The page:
The short answer is that it is too soon to tell. Trump himself insisted to Fox in a story published Monday that even if he were permitted back onto the platform, he would not return and will opt to use his own Truth Social app. But it’s hard to see the former president, someone plainly addicted to Twitter, refusing an opportunity to use the platform if he were allowed. The question really is this: Will Twitter, under Musk’s ownership, reverse its decision to ban him? When it comes to free speech, Musk has made it pretty clear what direction he wants to take the platform…
>> Brian Lowry adds: “For what it’s worth, put me in the column of people who think that for conservatives who have been railing about being discriminated against on social media, Musk acquiring Twitter might wind up being a ‘Be careful what you wish for’ moment. And because there’s a marketing aspect to that concept of being victimized by Big Tech, it might be hard to let go of it, regardless of what changes the new ownership brings to the platform….”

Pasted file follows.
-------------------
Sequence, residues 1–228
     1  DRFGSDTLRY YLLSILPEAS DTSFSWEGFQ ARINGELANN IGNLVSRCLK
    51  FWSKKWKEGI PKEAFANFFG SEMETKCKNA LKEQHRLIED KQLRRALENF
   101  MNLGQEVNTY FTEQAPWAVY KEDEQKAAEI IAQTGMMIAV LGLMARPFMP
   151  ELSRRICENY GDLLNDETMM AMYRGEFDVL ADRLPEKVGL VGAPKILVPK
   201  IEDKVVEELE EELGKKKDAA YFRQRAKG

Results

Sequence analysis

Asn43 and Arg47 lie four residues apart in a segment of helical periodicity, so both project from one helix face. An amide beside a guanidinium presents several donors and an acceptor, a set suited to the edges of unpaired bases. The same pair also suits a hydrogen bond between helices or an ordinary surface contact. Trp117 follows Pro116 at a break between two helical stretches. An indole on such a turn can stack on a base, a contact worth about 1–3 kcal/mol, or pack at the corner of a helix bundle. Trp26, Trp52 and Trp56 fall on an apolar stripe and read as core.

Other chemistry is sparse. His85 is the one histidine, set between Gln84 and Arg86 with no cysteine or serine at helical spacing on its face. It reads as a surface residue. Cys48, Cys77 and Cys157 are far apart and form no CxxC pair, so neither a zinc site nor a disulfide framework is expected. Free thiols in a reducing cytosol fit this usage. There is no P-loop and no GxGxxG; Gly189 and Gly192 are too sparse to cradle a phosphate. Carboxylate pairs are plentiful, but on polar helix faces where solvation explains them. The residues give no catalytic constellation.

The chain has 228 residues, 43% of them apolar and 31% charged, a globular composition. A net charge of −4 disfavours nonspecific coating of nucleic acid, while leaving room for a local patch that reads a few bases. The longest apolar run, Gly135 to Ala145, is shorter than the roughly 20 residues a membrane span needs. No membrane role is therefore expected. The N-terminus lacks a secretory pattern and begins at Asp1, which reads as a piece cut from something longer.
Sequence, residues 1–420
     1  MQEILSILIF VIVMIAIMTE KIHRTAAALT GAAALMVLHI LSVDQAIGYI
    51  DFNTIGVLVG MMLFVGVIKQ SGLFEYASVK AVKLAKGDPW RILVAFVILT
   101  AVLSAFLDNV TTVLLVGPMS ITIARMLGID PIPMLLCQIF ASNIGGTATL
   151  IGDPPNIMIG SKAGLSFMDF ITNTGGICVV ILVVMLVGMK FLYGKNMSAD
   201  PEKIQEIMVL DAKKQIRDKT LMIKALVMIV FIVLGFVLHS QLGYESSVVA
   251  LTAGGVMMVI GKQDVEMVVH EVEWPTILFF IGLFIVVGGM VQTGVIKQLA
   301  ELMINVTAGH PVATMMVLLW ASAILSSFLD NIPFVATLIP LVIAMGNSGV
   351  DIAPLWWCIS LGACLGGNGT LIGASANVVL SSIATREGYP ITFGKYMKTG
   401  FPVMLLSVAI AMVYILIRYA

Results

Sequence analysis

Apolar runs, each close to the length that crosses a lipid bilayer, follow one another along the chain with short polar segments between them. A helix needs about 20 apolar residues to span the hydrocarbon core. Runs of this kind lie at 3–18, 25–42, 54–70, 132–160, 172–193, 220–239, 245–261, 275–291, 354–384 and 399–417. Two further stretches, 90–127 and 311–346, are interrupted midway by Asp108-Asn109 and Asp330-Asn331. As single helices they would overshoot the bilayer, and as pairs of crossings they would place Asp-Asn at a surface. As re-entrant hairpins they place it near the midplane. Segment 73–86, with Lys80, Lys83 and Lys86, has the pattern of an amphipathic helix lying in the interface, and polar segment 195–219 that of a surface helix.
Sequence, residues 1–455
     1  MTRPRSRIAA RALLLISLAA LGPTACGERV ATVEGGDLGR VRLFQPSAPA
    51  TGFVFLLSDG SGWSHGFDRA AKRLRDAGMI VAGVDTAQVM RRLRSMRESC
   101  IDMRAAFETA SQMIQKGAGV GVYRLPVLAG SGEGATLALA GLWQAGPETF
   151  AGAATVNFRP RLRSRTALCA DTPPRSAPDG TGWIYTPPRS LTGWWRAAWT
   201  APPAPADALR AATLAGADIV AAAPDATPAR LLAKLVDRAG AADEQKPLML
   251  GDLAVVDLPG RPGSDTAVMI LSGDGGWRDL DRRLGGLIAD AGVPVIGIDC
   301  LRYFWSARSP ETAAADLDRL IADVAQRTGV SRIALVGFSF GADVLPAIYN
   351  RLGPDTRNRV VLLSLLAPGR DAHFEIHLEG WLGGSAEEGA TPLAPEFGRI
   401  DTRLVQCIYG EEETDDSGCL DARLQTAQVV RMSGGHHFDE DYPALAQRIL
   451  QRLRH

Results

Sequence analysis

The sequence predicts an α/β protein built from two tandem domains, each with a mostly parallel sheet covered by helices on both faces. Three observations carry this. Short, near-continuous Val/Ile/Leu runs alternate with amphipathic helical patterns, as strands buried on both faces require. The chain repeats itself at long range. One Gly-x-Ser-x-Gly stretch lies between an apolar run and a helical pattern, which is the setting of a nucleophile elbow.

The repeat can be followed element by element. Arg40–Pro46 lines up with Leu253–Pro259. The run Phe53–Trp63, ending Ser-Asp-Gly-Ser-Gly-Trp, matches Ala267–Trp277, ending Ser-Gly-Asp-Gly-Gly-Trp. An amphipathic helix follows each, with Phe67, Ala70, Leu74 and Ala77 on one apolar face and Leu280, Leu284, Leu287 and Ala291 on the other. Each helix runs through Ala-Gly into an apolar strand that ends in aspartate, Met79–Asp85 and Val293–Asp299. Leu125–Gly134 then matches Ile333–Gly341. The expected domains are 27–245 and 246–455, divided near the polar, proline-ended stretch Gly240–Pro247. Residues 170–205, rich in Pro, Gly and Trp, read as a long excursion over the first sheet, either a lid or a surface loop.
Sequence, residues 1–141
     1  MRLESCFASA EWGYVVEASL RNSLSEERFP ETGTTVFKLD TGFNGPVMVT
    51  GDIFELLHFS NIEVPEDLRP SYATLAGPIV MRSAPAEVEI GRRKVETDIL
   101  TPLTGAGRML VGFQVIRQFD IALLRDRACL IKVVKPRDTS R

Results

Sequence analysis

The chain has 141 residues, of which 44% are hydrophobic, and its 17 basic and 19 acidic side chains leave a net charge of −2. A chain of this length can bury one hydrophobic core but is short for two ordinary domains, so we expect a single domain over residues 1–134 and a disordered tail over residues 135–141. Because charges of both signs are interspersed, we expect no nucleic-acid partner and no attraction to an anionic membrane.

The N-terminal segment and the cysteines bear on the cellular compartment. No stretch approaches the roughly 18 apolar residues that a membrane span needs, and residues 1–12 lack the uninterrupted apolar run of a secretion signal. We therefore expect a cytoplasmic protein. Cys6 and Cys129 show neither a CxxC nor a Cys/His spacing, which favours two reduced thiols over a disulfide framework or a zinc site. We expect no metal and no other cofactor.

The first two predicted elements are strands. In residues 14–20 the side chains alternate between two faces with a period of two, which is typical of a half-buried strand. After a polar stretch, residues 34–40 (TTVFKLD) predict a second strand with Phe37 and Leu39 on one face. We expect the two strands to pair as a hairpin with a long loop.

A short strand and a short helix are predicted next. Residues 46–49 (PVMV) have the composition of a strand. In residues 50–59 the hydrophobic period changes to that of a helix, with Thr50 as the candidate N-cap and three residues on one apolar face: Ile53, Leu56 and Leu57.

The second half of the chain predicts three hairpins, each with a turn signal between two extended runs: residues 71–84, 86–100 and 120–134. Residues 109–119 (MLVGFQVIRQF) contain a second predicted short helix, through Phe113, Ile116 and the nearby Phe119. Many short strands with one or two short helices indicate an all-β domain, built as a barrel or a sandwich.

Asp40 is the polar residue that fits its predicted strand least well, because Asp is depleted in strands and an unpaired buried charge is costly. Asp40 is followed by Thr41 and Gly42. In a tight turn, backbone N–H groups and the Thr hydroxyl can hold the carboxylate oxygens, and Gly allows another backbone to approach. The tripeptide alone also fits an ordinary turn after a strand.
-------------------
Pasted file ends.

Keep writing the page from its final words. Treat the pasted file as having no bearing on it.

Crunching the #’s
BY HARRY ENTEN:
Musk’s purchase of Twitter put a man best liked by Republicans in charge of a platform disproportionately used by Democrats. Musk’s net favorability (i.e. how much higher his favorable than unfavorable rating is) score in recent polling is about +50 points among Republicans compared to -10 points among Democrats. This is very different from earlier polling on the subject that showed little partisan gap in Musk’s appeal.
No doubt that Musk’s recent statements on loads of subjects (including negative comments about Biden) have caused a partisan rift.